#CINÉFRANCO: 2020 CINÉFRANCO FESTIVAL PREVIEW
Cinéfranco is back in its 23rd edition later this month! The Festival celebrating French Cinema on a Canadian and international scale runs November 20-November 28, 2020.
For the first time ever, fans across Canada can access the Festival which is available on a digital platform. It is comprised of 17 features, 2 shorts programs, post-screening Conversations, and Panels.
Among the Films to premiere at the Festival this year are:
BELLE FILLE (OPENING NIGHT) – When Louise (Alexandra Lamy) escapes her cheating husband in Corsica for a wild night of passion with a man who ends up dead, she’s mistaken for his secret long-time girlfriend by his fearsome and loving mother played by Miou-Miou.
MONT FOSTER (OPENING NIGHT) – Chloe (Laurence Leboeuf) and Matthieu (Patrick Hivon) retreat to their country house to reconnect as Chloe’s fragile mental state deteriorates
QUEBEXIT – When the construction of an interprovincial pipeline results in a successful third Québec sovereignty referendum, a small road at the Québec-New Brunswick border becomes a lightning of conflict between the new Québec military, the Canadian Armed Forces and two indigenous women who cross the border frequently.
VACARME – Thirteen-year old Émilie placed in a group home is subjected to the bad influence of her roommate and chafes against the strict rules. Choosing to escape she learns the art of resilience and confidence in this social drama that breaths fresh air to the theme of children under youth protection.
NADINE BUTTERFLY (CLOSING NIGHT) – Olympian Katerine Savard stars as Nadia, who decides to retire from pro swimming after the Tokyo 2020 Olympic Games to escape a rigid life of sacrifice.
Our George Kozera had the pleasure of previewing some of the Festival’s key titles. Some of his favourites below.
What does a woman do when not only does she finds out that her husband is having an affair, she also has a hugs fight with her rebellious teenaged daughter who want to play house with an older guy? In Cinéfranco’s opening night film, BELLE FILLE, Louise (a luminous Alexandra Lamy) leaves her home and flies to Corsica, where she meets hunk-du-jour, Florent (Thomas Dutronc who also composed this Movie’s Score). Their initial meeting and shared dinner turns into an alcohol and drug-fuelled, sexually-uninhibited raucous and rambunctious night. In the morning, Louise is very hungover and Florent is very, very dead. Not only is the detective assigned to the case Florent’s brother Anto (a wonderful low-key performance from Jonathan Zaccai), the boys’ mother Andrea (French megastar Miou-Miou) is convinced that Louise is Florent’s fiancée.
Director Meliane Marcaggi skillfully keeps this comedy of errors moving briskly and believably while incorporating the stunning vistas of Corsica and its countryside and keeping maudlin sentimentality to a bare minimum. BELLE FILLE is a joyous romp. Bravo!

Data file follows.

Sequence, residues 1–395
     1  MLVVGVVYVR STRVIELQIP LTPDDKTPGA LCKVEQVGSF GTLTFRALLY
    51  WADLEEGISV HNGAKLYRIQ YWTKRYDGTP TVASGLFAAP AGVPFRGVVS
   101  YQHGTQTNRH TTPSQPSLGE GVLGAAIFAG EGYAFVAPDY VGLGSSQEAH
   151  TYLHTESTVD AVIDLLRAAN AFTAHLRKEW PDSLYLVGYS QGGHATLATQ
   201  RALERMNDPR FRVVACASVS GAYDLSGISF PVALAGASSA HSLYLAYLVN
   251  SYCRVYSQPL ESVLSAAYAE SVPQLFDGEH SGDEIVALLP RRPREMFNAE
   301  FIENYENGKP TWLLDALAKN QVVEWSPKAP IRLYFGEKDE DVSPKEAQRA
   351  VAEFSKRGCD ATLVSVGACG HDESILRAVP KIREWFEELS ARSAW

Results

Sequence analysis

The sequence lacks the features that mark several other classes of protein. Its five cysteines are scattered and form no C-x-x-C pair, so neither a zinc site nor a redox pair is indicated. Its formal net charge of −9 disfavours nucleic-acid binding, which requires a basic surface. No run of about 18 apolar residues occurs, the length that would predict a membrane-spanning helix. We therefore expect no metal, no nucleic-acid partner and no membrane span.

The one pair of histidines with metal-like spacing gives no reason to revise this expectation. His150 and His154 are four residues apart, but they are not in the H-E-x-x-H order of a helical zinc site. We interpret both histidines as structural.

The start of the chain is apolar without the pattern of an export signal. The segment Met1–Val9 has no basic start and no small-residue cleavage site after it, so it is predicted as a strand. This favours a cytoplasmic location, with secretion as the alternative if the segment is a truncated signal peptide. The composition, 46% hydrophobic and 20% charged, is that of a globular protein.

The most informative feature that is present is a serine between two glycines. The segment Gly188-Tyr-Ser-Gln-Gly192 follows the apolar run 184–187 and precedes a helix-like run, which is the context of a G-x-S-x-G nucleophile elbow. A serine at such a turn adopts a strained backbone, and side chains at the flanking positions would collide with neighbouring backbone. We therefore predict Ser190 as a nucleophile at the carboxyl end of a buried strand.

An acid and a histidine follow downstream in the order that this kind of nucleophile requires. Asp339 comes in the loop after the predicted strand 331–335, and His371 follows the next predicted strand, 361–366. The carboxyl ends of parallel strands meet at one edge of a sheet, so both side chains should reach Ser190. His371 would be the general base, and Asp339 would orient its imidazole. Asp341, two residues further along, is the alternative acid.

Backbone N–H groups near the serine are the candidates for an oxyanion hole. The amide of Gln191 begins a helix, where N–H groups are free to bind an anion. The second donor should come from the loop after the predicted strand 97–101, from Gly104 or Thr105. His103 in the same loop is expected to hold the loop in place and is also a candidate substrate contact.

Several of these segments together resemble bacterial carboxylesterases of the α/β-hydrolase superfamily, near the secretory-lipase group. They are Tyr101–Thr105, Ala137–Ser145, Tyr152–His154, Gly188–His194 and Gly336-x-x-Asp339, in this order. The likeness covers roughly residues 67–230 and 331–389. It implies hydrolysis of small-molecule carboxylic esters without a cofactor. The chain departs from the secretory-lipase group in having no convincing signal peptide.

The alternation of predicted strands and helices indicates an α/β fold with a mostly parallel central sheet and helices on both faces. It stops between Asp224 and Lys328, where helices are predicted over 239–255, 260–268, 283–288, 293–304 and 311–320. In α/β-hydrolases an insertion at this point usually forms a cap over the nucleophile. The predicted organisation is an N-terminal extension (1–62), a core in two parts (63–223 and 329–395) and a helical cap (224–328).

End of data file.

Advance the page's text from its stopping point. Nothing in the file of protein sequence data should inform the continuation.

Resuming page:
LA BELLE EPOQUE
If you missed this critically-acclaimed and audience favourite at TIFF ’19, here’s your chance to bask in the glory that is LA BELLE EPOQUE. It is a high-concept Comedy about revisiting one’s glory days. Time Travellers is a service that immerses clients in whatever moment they wish to to relive, whether it be historical, fantasy or personal. Long-time married couple Victor and Marianne (the legendary Daniel Auteuil and Fanny Ardant) have reached the end of the rope and separate. Victor decides to use Time Travellers, run with dictatorial fervour by Antoine (an excellent Guillaume Canet) to return to Lyons 1974 when he first met Marianne, who will be played by actress for hire Margo (Doria Tllier).
LA BELLE EPOQUE is fiercely original and tackles a myriad of themes and topics with insight, humour and intelligence. Does love prevail? Do daily technological advances help or hinder or overwhelm us and stifle our innate creativities? I enjoyed LA BEEL EPOQUE equally, if not more, the second time around.
LA BELLE EPOUSE
Set in the late ’60s when Paris was rocked by students uprising and revolution was thick in the air, there were still schools in smaller towns that focused singularly on turning young teenaged girls into the perfect, subservient wife. One such institution is run by Paulette Van De Beck (Juliette Binoche), her sister-in-law Gilberte (Yolande Moreau) and Marie-Therese (Noemie Lvovsky) who happens to a nun. LA BELLE EPOUSE (HOW TO BE A GOOD WIFE) is a Comedy rife with Sapphic alliances, death by asphyxiation, re-establishing bygone love affairs, some fun recipe ideas, tips on how to be the perfect wife if you lived the decade of “Leave it to Beaver”, rifle-toting nuns and even a choreographed song and dance routine. One rarely sees Binoche’s fun freak flag fly and watching her immerse herself into this outlandish character is enjoyable.
In ENORME, Claire (Marina Fors) is a world class concert pianist whose career is managed by her husband Fred (Jonathan Cohen). Claire is even more self-absorbed than she is talented to the point that Fred offers to take her debit card to buy himself a birthday present from her as she forgot his 40th birthday. Happily childless, Fred’s paternal instincts furiously ignite after participating in an emergency childbirth on a plane. After substituting Claire’s birth control pills and sweeteners until the day his dream and her nightmare come through…she’s pregnant!